Did Estonian ferry hit a SUBMARINE before it sank killing 852?

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Nordic leaders said on Monday they would examine evidence from a new documentary that could shatter the official explanation of how 852 people died in a 1994 ferry sinking in the Baltic Sea.

Makers of the five-part documentary series, which was released for streaming on Monday, claimed to have found a hitherto unrecorded four-metre (13-foot) hole in the ship’s hull.

In a joint statement on Monday, Estonian, Swedish and Finnish foreign ministers announced they would ‘assess the new information.’

An underwater image taken from the new documentary shows a hole in the hull of the sunken ferry MS Estonia

An underwater image taken from the new documentary shows a hole in the hull of the sunken ferry MS Estonia 

According to information presented in the documentary, the hole is four metres high and has previously been partly hidden towards the sea bed

According to information presented in the documentary, the hole is four metres high and has previously been partly hidden towards the sea bed 

In this November 19, 1994 file photo, the bow door of the sunken passenger ferry MS Estonia is lifted up from the bottom of the sea, off Uto Island, in the Baltic Se

In this November 19, 1994 file photo, the bow door of the sunken passenger ferry MS Estonia is lifted up from the bottom of the sea, off Uto Island, in the Baltic Se

A total of 852 people drowned when the passenger and car ferry MS Estonia sank in Finnish waters in the early hours of September 28, 1994, while en route from Tallinn to Stockholm in Europe’s worst peacetime shipping disaster.

In 1997, investigators concluded the disaster was caused by the bow door of the ship being wrenched open in heavy seas, allowing water to gush into the car deck.

Survivors and relatives of those killed have fought for over two decades for a fuller investigation, with some claiming that the opening of the bow visor would not have caused the vessel to sink as quickly as it did.

The ship went down in just one hour, leaving only 137 survivors.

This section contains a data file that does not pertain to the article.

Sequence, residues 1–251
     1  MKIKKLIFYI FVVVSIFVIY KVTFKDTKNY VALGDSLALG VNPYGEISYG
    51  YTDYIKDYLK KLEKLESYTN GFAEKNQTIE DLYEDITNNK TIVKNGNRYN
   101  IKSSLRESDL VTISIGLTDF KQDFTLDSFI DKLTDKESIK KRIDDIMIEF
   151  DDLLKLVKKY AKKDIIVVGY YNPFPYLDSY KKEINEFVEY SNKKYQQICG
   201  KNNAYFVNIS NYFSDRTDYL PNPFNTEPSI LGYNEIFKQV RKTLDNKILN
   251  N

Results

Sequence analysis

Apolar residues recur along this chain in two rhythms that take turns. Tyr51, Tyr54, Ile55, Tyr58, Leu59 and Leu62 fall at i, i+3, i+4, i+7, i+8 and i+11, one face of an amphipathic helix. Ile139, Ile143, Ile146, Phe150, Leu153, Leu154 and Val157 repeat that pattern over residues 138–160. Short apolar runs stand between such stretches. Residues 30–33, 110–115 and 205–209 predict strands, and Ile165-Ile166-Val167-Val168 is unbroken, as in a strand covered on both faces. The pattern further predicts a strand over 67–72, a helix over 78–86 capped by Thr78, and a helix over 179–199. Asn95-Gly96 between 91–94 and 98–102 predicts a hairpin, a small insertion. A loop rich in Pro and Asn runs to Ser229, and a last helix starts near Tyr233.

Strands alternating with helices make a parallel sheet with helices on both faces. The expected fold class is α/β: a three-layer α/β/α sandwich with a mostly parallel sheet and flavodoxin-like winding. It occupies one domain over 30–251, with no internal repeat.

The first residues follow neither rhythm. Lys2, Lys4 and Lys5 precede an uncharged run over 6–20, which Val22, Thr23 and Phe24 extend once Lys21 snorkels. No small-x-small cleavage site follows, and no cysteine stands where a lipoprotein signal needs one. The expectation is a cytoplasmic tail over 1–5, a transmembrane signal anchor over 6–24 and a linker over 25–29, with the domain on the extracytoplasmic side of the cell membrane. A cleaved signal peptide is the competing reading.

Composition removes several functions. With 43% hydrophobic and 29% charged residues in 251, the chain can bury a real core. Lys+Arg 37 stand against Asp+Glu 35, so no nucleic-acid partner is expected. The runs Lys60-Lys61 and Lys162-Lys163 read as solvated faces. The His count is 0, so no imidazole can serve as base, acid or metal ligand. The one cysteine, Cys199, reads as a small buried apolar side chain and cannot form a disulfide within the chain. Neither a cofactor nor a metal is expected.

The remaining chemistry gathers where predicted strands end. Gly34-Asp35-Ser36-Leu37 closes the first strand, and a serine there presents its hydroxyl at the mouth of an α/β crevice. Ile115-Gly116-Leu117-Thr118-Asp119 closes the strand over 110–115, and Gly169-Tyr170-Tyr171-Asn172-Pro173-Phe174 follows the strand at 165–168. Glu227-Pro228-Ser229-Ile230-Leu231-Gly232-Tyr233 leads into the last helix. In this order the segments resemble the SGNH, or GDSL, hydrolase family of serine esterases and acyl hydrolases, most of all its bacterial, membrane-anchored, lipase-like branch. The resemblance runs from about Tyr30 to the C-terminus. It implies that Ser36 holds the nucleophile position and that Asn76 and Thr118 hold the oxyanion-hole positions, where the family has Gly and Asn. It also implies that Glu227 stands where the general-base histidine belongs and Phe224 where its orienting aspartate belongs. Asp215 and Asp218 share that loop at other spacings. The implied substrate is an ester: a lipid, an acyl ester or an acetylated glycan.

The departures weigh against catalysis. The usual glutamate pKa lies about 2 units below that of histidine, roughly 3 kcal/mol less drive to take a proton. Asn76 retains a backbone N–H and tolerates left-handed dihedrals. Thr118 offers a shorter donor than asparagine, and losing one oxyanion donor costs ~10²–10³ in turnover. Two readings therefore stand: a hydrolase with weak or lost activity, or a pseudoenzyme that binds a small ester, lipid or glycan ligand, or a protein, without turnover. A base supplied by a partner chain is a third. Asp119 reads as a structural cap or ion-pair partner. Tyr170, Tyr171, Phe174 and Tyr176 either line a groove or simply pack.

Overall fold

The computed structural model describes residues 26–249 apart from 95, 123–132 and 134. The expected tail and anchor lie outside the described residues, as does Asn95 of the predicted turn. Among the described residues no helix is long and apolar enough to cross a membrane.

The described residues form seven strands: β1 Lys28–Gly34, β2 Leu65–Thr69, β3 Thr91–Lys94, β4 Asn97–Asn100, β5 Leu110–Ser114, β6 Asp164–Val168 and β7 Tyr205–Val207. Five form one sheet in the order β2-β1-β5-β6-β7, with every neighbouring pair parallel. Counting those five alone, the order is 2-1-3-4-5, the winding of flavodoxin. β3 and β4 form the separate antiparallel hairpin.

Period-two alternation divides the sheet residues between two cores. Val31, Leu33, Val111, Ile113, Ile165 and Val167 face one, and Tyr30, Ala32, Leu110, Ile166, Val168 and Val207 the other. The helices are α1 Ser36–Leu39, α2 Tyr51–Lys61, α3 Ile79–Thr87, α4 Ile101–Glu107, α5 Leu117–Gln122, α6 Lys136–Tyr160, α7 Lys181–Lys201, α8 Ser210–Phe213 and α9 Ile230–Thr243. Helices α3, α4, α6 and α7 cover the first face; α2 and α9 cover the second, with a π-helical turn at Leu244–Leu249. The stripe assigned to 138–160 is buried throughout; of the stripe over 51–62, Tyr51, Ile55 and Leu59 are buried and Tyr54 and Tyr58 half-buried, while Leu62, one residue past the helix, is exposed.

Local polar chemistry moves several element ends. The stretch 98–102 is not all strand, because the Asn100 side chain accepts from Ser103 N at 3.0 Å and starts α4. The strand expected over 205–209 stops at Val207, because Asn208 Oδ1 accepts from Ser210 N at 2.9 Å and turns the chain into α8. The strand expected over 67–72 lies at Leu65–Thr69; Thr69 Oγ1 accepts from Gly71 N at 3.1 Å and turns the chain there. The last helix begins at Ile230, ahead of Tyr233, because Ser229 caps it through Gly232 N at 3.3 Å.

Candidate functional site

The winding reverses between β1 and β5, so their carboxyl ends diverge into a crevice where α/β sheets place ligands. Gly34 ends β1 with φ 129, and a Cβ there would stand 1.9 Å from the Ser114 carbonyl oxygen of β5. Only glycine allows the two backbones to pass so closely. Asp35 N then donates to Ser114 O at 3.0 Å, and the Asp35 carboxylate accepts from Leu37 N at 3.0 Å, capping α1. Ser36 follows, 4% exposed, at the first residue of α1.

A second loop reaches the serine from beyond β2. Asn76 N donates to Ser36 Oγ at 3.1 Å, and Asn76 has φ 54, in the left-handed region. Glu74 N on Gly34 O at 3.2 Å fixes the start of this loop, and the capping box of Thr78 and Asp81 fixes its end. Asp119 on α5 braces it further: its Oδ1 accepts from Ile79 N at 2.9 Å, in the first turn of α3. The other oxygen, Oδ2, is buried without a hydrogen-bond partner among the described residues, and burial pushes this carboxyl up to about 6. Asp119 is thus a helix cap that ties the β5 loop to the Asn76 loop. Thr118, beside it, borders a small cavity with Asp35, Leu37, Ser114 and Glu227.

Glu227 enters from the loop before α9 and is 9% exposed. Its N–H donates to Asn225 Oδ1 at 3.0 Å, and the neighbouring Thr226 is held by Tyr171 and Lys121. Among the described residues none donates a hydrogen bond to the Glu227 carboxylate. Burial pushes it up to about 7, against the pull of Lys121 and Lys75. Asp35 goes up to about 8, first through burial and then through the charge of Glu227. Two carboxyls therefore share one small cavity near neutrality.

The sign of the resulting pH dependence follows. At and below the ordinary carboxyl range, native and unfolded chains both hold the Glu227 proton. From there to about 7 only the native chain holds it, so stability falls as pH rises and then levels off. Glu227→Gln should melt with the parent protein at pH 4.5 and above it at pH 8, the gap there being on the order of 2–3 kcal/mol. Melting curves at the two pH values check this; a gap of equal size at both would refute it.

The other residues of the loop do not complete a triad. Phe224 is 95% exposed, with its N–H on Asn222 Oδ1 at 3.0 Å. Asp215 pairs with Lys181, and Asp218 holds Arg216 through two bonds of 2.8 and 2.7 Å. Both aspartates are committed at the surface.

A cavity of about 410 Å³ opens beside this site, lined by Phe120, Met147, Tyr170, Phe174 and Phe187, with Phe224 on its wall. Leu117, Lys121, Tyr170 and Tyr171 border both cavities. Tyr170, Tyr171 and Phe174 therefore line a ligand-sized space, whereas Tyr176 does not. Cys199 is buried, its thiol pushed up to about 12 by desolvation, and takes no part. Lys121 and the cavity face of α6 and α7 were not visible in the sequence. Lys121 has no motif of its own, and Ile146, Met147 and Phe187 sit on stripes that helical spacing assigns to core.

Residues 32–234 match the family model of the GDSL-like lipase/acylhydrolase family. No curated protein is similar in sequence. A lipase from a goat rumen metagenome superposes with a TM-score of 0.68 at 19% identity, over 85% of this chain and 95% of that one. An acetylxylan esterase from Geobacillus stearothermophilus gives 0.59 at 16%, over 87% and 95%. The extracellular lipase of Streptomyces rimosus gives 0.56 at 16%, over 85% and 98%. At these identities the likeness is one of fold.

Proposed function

Candles are seen next to the names of victims during a ceremony to mark the 25th anniversary of a maritime disaster when MS Estonia, carrying 803 passengers and 186 crew, sank in the Baltic Sea, in Tallinn, Estonia, on September 28, 2019

Candles are seen next to the names of victims during a ceremony to mark the 25th anniversary of a maritime disaster when MS Estonia, carrying 803 passengers and 186 crew, sank in the Baltic Sea, in Tallinn, Estonia, on September 28, 2019

The makers of the Discovery Networks documentary ‘Estonia: The Find That Changes Everything’ discovered the hole when they explored the wreckage with a remote-controlled submarine.

Experts told the filmmakers that only a massive external force would be strong enough to cause the rupture, raising many questions about what really happened that night.

‘I believe the truth is something other than what people have been told until now,’ survivor Carl Eric Reintamm told the programme.

Survivors described hearing a loud bang and Reintamm said he saw a large white object in the water next to the ferry, testimony which experts interviewed in the programme said has not been taken into account before now. 

In this file photo taken on September 28, 1994 resuce workers in Uto Island evacuate people injured when the MS Estonia ferry sank in the Baltic sea, killing 852 people overnight

In this file photo taken on September 28, 1994 resuce workers in Uto Island evacuate people injured when the MS Estonia ferry sank in the Baltic sea, killing 852 people overnight

Tthe bow door of the sunken ferry MS Estonia is lifted from the bottom of the sea off Uto island on November 19, 1994, nearly two months after the ferry sank in the Baltic sea

Tthe bow door of the sunken ferry MS Estonia is lifted from the bottom of the sea off Uto island on November 19, 1994, nearly two months after the ferry sank in the Baltic sea

Until now the countries involved, including Estonia, Sweden and Finland, have proven extremely reluctant to re-examine the causes of the disaster.

They opposed a refloating of the ship, in part because of the cost and logistics of raising the vast number of bodies trapped in the hull.

The area near the Finnish island of Uto was designated a sea grave, prohibiting further exploration of the wreckage.

As a result, documentary director Henrik Evertsson and another crew member were arrested following their examination of the site last September, and face up to two years’ imprisonment in Sweden for violating the sanctity of the gravesite.

In this file photo taken on September 29, 1994 Finnish Army recruits carrying victims of the MS Estonia ferry disaster into an amphibious landing craft for transfer from the island of Uto to the mainland

In this file photo taken on September 29, 1994 Finnish Army recruits carrying victims of the MS Estonia ferry disaster into an amphibious landing craft for transfer from the island of Uto to the mainland

However, Evertsson said it was ‘absolutely essential and journalistically important’ to send a camera down to the wreck.

Numerous theories about the cause of the sinking have circulated for years, none of them proven as of yet.

These include a collision with another vessel, either a military ship or a submarine, as well as theories that organised crime gangs were involved or that an explosion went off on the ship.

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